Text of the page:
Several groups have recently reported on the effects of GA on various types of APC. Thus GA blocked lipopolysaccharide-mediated induction of several activation markers of human monocytes and the release of tumor necrosis factor (TNF-a) and IL12. On the other hand, it induced increased production of IL10 by the monocytes.59,60 Similarly, GA inhibited production of IL2 and TNF-a by in vitro-generated human dendritic cells (DC). DC exposed to GA induced IL4-secreting Th2 cells and enhanced the level of IL10.61 There is also evidence that GA treatment modifies in vivo the properties of APC. Thus, the spontaneous and triggered release of IL10 was enhanced in monocytes from GA-treated patients whereas the stimulated secretion of IL12 was reduced.60 It is not clear, however, whether in vivo GA affects the monocytes directly or indirectly by TH2 cytokines secreted by GA-specific T cells. It seems that APC deviation into APC favoring Th2 differentiation may be an additional contributing factor to the therapeutic effect of GA.

8.14.4.1.5 Neuroprotective effects of glatiramer acetate

Recent studies have revealed an additional aspect of GA activity - neuroprotective effects that might also be relevant to MS. It was demonstrated that, similarly to MBP, active immunization with GA as well as adoptive transfer of Tcells reactive to GA can inhibit the progression of secondary degeneration after crush injury of the rat optic nerve.62 The GA-specific T cells secreted significant amounts of BDNF,62 a neurotrophin that plays a major role in neuronal survival. Furthermore, vaccination with GA protected neurons against glutamate cytotoxicity,63 and aggregated beta-amyloid-induced toxicity.64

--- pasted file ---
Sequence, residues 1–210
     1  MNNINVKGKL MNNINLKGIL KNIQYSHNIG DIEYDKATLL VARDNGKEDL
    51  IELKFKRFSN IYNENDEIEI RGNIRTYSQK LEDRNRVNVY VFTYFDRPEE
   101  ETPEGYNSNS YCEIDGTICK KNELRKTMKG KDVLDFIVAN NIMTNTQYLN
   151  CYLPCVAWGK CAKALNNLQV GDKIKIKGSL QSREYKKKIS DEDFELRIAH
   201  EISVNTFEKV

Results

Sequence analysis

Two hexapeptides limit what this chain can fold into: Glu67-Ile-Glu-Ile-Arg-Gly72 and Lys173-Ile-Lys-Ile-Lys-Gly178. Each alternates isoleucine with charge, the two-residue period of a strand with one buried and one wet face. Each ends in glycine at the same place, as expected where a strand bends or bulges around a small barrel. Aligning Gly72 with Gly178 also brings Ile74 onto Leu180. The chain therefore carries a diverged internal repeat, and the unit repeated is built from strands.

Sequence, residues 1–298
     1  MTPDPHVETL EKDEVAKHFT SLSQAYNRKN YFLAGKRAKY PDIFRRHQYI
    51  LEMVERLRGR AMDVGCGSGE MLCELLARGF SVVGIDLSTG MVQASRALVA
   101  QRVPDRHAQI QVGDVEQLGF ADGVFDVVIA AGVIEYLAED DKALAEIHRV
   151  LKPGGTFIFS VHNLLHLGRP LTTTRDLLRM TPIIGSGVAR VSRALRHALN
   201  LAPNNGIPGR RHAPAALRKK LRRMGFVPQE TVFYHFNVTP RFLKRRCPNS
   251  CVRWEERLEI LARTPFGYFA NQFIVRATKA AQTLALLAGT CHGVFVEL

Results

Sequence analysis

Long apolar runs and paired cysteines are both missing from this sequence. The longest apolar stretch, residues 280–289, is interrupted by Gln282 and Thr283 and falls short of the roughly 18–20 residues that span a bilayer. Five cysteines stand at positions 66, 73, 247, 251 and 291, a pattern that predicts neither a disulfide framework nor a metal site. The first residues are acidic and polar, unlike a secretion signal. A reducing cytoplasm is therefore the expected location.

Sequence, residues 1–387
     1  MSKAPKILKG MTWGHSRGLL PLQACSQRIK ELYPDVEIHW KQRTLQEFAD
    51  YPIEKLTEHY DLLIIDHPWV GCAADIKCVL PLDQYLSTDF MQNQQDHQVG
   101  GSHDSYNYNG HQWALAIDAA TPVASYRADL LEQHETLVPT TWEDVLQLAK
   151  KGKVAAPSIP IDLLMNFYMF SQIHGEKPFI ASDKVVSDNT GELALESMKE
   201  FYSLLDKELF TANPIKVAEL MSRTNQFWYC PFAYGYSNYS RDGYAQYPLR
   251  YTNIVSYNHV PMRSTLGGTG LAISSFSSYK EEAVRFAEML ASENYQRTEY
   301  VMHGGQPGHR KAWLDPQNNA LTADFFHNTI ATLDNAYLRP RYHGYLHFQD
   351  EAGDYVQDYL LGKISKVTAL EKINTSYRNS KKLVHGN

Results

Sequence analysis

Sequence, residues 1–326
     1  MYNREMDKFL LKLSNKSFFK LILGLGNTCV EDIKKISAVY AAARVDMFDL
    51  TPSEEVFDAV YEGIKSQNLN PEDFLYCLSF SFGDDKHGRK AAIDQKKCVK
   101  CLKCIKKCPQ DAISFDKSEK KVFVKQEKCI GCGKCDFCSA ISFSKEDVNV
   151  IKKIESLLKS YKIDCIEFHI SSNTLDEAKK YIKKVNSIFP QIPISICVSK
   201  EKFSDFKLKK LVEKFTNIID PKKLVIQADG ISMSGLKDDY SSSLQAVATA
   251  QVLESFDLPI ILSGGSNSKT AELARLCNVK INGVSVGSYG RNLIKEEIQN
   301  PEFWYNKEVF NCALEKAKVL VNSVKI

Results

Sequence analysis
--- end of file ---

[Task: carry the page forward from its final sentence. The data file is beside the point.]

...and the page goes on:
GA treatment also increased survival time and improved motor function in a mouse model of amyotrophic lateral sclerosis.65 Adoptive transfer of GA-specific Tcells was effective in protecting dopaminergic neurons in a mouse model of Parkinson disease.66 Taken together, these results show that GA may have neuroprotective functions in human neurodegenerative diseases.

Several lines of evidence suggest that GA also has a neuroprotective effect in EAE and MS. The effect of GA was studied in MOG-induced EAE, which is considered to be a model that simulates neurodegeneration more than inflammation.67 It was demonstrated that GA immunization attenuates both inflammation and associated neuronal axonal damage. In the murine model of Theiler's virus-induced demyelinating disease, it was demonstrated that polyreactive antibodies to GA promoted myelin repair.68

As indicated before, we have demonstrated that adoptively transferred GA reactive cells migrate to the CNS and also produce in situ BDNF in addition to anti-inflammatory cytokines.57 In this regard it should be noted that the BDNF receptor trkB is expressed in neurons and astrocytes in MS lesions.69 Therefore, BDNF secreted by GA-specific cells in the CNS could exert neurotrophic effects directly in the MS target tissue.

Human GA-specific T cells, of both TH1 and Th2 type, are capable of producing BDNF. Studying BDNF production by 73 GA and 33 MBP reactive short-term TCLs, it was found that the mean BDNF level for the GA cell lines was significantly higher than that for MBP lines.71

There are also limited clinical data pointing to the neuroprotective effects of GA therapy. Thus, in the European Canadian MRI study, it was demonstrated that GA produced a 50% reduction in the proportion of new MS lesions evolving into persistent black holes72 (i.e., lesions where severe tissue disruption has occurred). In another study, N-acetylaspartate (NAA), which is a reliable marker of neuronal and axonal injury, was measured using magnetic resonance spectroscopy.73 In patients treated with GA for 2 years, the ratio of NAA to creatinine increased from 1.96 at baseline to 2.17, while it declined from 2.01 to 1.83 in untreated patients. These results, as well as the results described earlier on the effect of GA on brain atrophy,40 indicate that GA affects positively three different MRI surrogate markers of neuroprotection (black holes, NAA level, and brain atrophy).